It's hard to peer into a crystal ball and predict what will be the top trends for government technology. But that's exactly what the experts at IDC Insights has done.
Thom Rubel is the Vice President for Research at IDC Government Insights. He told Chris Dorobek on the DorobekINSIDER program that 2013 will be an interesting year.
What's Big in 2013?Operational Efficiencies: "Government is focused on getting the costs down around the business of government. Having less money in your IT budget is the new normal and agencies should get used to it. In the last 10 - 15 years there has been tremendous investment in IT infrastructure. Now the budget is more focused on services. Services like the cloud and software as a service. These efficiences will help bring costs down and streamline the process," said Rubel.
Mobility: "The question for mobility in 2013 will be, 'what are mobile devices doing to change government both for the workforce and for citizens?' Technology is really pushing the business and proliferation of smartphones and tablets. Agencies are going to be focused on an engagement strategy. Not everyone needs to travel with a full laptop so there will also be a focus on who needs what," said Rubel.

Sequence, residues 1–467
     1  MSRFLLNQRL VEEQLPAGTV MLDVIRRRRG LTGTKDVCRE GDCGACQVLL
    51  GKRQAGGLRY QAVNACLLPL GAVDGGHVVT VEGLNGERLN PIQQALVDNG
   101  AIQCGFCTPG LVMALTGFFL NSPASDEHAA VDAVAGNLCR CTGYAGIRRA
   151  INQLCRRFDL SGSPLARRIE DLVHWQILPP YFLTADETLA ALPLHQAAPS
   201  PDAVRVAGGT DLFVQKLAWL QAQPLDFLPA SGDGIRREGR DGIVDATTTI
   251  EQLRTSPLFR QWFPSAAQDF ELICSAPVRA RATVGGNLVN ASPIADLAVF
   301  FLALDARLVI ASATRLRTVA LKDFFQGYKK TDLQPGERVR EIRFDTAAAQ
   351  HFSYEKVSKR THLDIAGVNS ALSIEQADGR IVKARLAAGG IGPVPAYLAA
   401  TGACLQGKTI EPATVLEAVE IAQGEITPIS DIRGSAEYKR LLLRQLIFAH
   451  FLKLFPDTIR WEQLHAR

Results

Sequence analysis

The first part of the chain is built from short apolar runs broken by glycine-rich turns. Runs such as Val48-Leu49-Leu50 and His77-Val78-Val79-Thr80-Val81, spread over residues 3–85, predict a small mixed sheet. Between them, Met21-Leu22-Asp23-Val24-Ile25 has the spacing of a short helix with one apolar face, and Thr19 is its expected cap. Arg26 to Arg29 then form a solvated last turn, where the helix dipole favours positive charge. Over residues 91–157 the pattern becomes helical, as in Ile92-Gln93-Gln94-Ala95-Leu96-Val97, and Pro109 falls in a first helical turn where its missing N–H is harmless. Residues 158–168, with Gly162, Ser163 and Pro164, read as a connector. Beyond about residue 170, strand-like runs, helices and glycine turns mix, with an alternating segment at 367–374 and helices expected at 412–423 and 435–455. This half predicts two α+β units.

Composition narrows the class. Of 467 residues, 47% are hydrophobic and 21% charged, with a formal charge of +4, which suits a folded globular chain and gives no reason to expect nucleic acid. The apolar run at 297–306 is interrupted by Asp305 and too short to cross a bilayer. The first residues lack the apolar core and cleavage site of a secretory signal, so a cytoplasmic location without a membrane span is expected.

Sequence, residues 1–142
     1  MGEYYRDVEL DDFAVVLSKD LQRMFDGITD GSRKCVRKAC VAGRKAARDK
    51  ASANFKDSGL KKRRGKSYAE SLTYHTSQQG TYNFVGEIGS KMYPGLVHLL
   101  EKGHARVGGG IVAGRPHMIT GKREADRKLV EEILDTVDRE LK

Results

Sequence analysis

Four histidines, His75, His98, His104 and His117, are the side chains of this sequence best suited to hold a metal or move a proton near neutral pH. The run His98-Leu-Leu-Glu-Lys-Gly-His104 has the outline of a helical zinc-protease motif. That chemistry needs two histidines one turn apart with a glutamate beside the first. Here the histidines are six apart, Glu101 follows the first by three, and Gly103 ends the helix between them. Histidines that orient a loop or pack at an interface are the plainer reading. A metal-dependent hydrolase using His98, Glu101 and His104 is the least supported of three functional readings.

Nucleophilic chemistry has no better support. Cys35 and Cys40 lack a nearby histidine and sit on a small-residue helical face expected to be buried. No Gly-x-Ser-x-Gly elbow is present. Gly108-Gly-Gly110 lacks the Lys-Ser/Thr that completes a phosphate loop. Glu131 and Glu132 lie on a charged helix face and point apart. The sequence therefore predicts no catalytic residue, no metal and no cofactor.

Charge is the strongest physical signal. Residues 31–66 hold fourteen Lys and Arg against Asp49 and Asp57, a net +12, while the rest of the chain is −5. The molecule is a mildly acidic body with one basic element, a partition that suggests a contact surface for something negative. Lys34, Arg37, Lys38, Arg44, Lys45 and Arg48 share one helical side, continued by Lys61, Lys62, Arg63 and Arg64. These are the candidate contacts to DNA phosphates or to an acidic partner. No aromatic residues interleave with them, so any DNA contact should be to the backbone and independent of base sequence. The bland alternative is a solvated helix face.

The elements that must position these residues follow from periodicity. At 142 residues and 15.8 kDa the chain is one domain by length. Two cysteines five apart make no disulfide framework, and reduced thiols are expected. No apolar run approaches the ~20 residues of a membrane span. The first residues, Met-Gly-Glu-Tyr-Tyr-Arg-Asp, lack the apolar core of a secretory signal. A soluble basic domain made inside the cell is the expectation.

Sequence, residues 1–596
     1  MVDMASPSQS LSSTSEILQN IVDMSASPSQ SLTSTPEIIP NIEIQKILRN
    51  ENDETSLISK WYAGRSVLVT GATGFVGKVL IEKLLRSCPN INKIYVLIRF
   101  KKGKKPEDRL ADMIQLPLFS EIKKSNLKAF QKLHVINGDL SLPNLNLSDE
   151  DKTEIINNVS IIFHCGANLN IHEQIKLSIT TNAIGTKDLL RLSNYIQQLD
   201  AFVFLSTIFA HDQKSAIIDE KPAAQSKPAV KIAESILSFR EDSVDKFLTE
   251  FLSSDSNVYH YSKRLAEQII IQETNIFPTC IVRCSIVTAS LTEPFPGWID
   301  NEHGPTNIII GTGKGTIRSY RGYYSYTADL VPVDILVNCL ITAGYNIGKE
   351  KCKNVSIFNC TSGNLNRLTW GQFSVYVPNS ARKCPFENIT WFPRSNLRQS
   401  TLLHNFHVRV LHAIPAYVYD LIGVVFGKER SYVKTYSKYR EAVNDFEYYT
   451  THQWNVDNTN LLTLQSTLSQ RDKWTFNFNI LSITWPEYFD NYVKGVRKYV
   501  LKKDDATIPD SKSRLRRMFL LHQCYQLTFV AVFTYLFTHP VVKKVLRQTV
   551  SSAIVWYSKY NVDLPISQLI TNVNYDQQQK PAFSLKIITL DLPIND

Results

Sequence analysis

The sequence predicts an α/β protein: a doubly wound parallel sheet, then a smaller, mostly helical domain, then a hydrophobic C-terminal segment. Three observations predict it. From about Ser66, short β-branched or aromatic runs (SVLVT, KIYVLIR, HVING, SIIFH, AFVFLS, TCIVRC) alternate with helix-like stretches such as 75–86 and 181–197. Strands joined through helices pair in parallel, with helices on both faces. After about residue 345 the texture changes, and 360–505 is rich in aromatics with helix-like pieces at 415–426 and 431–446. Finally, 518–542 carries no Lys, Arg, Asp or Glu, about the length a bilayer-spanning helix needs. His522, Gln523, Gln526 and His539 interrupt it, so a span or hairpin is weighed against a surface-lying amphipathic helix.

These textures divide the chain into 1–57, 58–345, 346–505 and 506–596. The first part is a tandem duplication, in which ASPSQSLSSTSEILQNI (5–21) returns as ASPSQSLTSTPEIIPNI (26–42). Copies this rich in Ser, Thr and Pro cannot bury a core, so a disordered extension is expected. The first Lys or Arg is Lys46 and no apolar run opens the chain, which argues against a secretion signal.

Stop over-investing in technology people don't need. Field workers might just need a tablet and not a full laptop.
Keep people happy and engaged. Apps are often more robust than the technology they have on their desktops.
Cloud Computing: "Cloud permeates almost everything. Government is still trying to figure out data center consolidation. But from an agency standpoint cloud is growing faster than many experts expected. They just see the value of even using cloud for apps and devices and proliferation of big data," said Rubel.
Cybersecurity: "Cyber has been ramped up tremendously over the past year, particularly around mobile devices. The other big area of growth is in managed security service. And I know what you are thinking that is heresy for government. But getting security services from vendors is more an option now than ever before," said Rubel.